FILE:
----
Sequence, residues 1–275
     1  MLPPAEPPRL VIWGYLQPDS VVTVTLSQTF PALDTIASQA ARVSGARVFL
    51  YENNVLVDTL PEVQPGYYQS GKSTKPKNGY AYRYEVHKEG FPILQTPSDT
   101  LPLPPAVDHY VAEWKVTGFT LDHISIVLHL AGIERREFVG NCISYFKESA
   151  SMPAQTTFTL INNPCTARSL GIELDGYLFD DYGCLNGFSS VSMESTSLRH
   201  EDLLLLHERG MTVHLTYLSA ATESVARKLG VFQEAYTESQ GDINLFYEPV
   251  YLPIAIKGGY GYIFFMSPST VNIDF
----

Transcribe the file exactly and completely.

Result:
Sequence, residues 1–275
     1  MLPPAEPPRL VIWGYLQPDS VVTVTLSQTF PALDTIASQA ARVSGARVFL
    51  YENNVLVDTL PEVQPGYYQS GKSTKPKNGY AYRYEVHKEG FPILQTPSDT
   101  LPLPPAVDHY VAEWKVTGFT LDHISIVLHL AGIERREFVG NCISYFKESA
   151  SMPAQTTFTL INNPCTARSL GIELDGYLFD DYGCLNGFSS VSMESTSLRH
   201  EDLLLLHERG MTVHLTYLSA ATESVARKLG VFQEAYTESQ GDINLFYEPV
   251  YLPIAIKGGY GYIFFMSPST VNIDF